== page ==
Finding Hidden Customers
The first time we turn on lead scoring for our clients using HubSpot we always find hidden customers who are waiting to have that final question answered before they purchase. They often just need a little nudge to get off the fence.
Lead scoring pulls those customers to the forefront and we are all able to see these missed opportunities. Once we have a handle for where they are we are able to deliver more targeted messages to their inboxes, or deliver more specific ads to them via social media, or simply pass them onto a sales team for further nurturing.
Generally speaking the more refined you can get in your message the more likely you are to find success.
Experiment and re-iterate
Evaluating each lead in this manner will help you dial in your scoring and build a robust accurate tool you can use to find hidden customers on your site.
We’ve been doing traditional web design for almost 12 years now. In that time a common theme has continuously repeated itself. A potential client usually has one of these four problems with their website.
Our website is broken, features that used to work no longer function.
We haven’t updated our website in years, we’re too busy.
We need (insert hot new feature here), because everyone else has it.
Nobody can find us on Search engines.
If you haven’t made a blog post in six months, that’s going to hurt your rankings. Or if you’re creating content that is not being shared maybe you’re talking to the wrong people. In addition to creating a website that it woefully out of date and ineffective in building an engaged client base, traditional web design is incredibly risky. Traditional web design suffers from the following risks:
Significant up-front costs
A typical small business can expect to spend $15,000 to $50,000 on a new website. In traditional web design, this money is often paid before any measurements are taken on the effectiveness of the site. That’s just bad business.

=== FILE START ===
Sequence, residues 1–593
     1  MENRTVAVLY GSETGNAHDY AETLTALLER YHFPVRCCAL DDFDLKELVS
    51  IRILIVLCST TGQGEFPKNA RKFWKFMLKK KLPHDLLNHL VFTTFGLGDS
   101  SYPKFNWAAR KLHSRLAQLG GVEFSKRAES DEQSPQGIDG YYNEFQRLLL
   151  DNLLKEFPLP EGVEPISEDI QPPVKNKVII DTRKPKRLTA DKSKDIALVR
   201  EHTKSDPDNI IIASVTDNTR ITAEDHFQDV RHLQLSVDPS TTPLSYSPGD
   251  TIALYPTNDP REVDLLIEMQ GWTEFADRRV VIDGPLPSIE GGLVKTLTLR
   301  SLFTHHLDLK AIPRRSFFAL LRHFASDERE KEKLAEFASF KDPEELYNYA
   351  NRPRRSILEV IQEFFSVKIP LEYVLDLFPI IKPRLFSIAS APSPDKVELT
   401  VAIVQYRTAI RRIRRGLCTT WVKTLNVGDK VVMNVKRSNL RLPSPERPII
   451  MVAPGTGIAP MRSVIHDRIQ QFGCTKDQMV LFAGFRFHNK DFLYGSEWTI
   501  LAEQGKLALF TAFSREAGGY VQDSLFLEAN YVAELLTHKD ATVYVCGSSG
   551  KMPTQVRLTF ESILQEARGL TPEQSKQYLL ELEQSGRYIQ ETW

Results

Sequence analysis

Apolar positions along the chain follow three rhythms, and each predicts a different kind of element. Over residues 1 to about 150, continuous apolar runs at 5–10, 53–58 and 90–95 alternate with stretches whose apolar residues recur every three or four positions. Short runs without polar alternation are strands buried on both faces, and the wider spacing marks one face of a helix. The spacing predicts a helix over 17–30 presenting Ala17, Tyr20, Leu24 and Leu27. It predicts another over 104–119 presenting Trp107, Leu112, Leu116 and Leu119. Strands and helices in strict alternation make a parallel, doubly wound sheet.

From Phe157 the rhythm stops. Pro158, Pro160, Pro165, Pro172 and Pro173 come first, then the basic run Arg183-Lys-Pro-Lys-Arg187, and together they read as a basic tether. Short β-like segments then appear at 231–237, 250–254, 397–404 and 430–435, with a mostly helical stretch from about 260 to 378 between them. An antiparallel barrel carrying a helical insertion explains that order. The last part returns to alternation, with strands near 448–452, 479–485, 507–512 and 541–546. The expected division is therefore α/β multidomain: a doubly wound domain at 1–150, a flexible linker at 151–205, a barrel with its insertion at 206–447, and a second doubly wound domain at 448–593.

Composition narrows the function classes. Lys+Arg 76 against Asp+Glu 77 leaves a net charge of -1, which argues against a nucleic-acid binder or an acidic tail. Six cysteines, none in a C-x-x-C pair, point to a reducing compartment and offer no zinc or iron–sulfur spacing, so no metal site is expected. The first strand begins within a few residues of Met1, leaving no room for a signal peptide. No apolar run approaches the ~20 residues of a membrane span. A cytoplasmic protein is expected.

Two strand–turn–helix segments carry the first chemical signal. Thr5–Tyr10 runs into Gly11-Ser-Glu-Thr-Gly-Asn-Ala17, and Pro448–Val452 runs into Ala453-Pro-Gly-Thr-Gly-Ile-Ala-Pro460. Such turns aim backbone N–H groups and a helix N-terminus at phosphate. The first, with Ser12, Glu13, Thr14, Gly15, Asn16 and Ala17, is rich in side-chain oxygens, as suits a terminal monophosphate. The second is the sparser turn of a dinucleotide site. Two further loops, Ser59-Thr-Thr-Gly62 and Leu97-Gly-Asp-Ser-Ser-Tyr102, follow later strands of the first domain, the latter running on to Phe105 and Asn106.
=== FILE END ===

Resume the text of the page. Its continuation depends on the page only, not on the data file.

These problems are endemic to the current web-design cycle that is prevalent in the industry. Traditional Web Design Process is built around a redesigned website every 1.5 to 2 years. The site sees modest growth after relaunch then stagnate while waiting for the next cycle to begin. The other problem with traditional web design is search engines reward sites that provide consistent content updates.
Significant time commitment
Time is money, too, especially in a small business environment. Launching a new website often requires a substantial time commitment from staff and management over the course of up to six months. With everything on your plate right now, can you imagine taking all that on?
It’s six months after the launch of your site. You’ve spent thousands of dollars in design fees. You’ve spent dozens of hours away from running your business. The website looks great. But, does it meet your goals? Some parts of the site, probably. EVERYTHING? No way.
Web designers really don’t know for certain what is going to be effective for your unique product or service needs. Design decisions are typically based on hypothesis and experience, not data. And, traditionally, web designers are not around to follow up on the effectiveness of what they just built for you.
Growth Driven Design Can Help Your Business Grow
I hesitate to say traditional web design is broken, but it’s seriously flawed. Luckily there is a better way. Using our web design principles we create a launchpad site that allows us to collect data on users. We use that data to refine the site over time. So instead of a huge upfront cost for a site that provides temporary success, we become a partner with you and grow a successful site based on data, not guesswork.
If you want to learn more be sure to download our Growth Driven Design Ebook. It goes into extensive detail on the GDD process and benefits of the system to your business.
Content marketing is dominating marketing trends and if everyone was blogging and doing it well, we’d leave you alone. However, due to shrinking budgets and overworked staff, blogging has taken a backseat for many nonprofits. Producing quality blogs and posting consistently can be taxing for a nonprofit. But what if we told you: